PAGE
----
COVER

COMPREHENSIVE

UNIVERSITY OF WATERLOO

JONATHON GATEHOUSE November 19 2001
COVER

COMPREHENSIVE

UNIVERSITY OF WATERLOO

JONATHON GATEHOUSE November 19 2001

COMPREHENSIVE

RANKINGS

UNIVERSITY OF WATERLOO

JONATHON GATEHOUSE

The first thing that strikes you about students at the University of Waterloo is how quickly they walk: faster than parliamentary assistants, Bay Street business people or rush-hour commuters. Arms pumping, legs churning, they burn across the park-like campus as if surging towards some invisible finish line.

Who knows if the students take their kinetic cues from the institution, but one thing is certain: there is a palpable sense of drive about the place. Waterloo, which placed first in the Comprehensive category, is renowned for its innovation and academic excellence, especially in the fields of science and technology. That buzz, combined with the allure of the country’s largest co-operative education program, has enabled the midsize Ontario university to attract more than its share of top-flight students. The minimum grade requirements for such elite programs as computer engineering, software engineering and systems design engineering is an average in the low to mid-90s with an outstanding list of extracurriculars.

Anton Andryeyev, a skinny 17-year-old who grew up near the Chernobyl nuclear facility in northern Ukraine, has only been in Canada for two years, yet managed to graduate from his Toronto high school with an average of 99.3 per cent. He had the highest mark in his English class, his third language. A winner of both a Millennium and Canadian Merit Fund scholarship, Andryeyev could have written his own ticket to any university in North America: he chose Waterloo. “I decided I was going to come here one month after I arrived in Canada,” says the freshman. The draws? The world’s largest centre for mathematical and computer sciences, a growing international reputation, and the promise of six work placements over the course of his studies. There is little doubt that Waterloo’s massive co-op program is the deal-clincher for the majority of its 17,500 undergraduates. The four-month work terms extend the process of getting a degree by one year. But students like Hugh Merz say it’s a small price to pay in return for a wealth of realworld knowledge. Merz, a 23-year-old from Sault Ste. Marie, Ont., in his final year of physics, has worked at such places as Telesat Canada, plotting the movements of satellites, and Atomic Energy Canada’s Chalk River facility, creating computer models of reactor cores. The experience has been priceless. “I picked up a lot of technical savvy,” says Merz. “It makes for quite a hefty résumé.” The bonus, for Merz and many of his classmates? Healthy paycheques from co-op employers that can reduce or eliminate the need for student loans.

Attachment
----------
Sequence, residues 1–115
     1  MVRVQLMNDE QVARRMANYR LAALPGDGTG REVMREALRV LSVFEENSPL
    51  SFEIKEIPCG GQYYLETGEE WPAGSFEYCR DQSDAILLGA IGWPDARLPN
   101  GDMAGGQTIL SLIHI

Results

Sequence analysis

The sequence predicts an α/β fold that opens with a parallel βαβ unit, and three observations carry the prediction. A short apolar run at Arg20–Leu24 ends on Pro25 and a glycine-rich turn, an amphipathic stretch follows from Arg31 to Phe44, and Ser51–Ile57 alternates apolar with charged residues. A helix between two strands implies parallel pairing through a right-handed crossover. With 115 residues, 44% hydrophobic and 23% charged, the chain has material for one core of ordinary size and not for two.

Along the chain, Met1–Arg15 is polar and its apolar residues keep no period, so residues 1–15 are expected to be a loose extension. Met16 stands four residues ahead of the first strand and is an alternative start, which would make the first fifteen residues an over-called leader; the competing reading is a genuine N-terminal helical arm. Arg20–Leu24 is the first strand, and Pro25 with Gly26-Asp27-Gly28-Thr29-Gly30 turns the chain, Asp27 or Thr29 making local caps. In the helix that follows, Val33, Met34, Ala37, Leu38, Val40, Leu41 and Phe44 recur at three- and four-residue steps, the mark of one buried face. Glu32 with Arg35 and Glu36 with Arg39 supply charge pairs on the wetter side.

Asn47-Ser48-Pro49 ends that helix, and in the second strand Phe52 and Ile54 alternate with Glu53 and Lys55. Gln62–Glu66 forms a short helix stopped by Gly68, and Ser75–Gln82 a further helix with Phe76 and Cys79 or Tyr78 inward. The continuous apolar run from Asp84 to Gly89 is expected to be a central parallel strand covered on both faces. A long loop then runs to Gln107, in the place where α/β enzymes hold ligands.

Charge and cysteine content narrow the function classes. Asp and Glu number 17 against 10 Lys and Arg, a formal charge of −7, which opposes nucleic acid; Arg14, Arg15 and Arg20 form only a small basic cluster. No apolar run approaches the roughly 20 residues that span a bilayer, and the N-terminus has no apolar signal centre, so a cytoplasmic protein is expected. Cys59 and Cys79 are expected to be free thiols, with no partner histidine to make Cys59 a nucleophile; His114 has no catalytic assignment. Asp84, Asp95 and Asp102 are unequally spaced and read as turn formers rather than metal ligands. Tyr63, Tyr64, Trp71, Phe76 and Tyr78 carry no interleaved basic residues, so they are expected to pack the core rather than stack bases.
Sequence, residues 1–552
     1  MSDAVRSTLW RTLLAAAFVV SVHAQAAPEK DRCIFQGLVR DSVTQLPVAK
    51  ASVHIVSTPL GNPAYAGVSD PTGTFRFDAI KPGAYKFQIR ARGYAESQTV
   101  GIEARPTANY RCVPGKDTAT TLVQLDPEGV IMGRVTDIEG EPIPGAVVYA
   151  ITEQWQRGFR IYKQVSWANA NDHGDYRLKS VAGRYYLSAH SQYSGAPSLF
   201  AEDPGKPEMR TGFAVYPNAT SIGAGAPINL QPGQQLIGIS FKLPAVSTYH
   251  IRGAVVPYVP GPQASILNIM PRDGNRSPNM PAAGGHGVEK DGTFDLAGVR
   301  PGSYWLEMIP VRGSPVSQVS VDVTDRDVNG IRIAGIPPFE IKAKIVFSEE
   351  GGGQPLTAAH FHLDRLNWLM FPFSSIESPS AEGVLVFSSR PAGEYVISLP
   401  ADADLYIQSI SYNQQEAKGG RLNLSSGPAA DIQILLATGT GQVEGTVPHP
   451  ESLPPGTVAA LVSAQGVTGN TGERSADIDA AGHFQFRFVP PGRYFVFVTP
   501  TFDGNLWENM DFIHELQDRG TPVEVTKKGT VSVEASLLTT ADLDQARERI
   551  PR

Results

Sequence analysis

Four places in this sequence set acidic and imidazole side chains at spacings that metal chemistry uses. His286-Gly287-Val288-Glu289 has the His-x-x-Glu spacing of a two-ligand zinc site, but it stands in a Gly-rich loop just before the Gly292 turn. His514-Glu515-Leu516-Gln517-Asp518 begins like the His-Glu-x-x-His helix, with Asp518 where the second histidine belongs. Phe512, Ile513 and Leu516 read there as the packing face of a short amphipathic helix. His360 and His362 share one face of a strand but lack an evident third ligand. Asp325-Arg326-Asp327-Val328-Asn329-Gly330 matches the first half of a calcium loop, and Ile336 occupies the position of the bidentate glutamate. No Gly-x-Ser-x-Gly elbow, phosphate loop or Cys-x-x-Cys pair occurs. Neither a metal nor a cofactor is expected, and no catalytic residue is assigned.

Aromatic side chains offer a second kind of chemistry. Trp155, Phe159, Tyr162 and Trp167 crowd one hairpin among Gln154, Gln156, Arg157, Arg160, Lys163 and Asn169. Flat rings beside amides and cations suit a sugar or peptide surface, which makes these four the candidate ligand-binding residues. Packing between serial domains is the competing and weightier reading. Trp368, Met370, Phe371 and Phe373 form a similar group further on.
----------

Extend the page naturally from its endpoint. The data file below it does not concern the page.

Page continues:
Bruce Lumsden, director of co-operative education and career services, agrees the money is helpful, but says the university is careful to keep the focus on learning. “It’s an educational model, not a business strat-

egy or Jobs ‘R’ Us,” he says. Waterloo, which was founded on the co-op model in 1957, now places more than 10,000 of its undergrads—including many from such programs as drama, German and political science—in the workforce every year. The worsening economy makes the task more difficult, but not impossible, says Lumsden: “It has always been a challenge.” The school has relationships with more than 3,000 employers, the vast majority of whom take fewer than five students. As a consequence, the effects of large-scale cutbacks in certain sectors are muted by the smaller companies who have come to depend on the relatively cheap students. Plans are also afoot to add placements with a variety of humanitarian organizations and NGOs.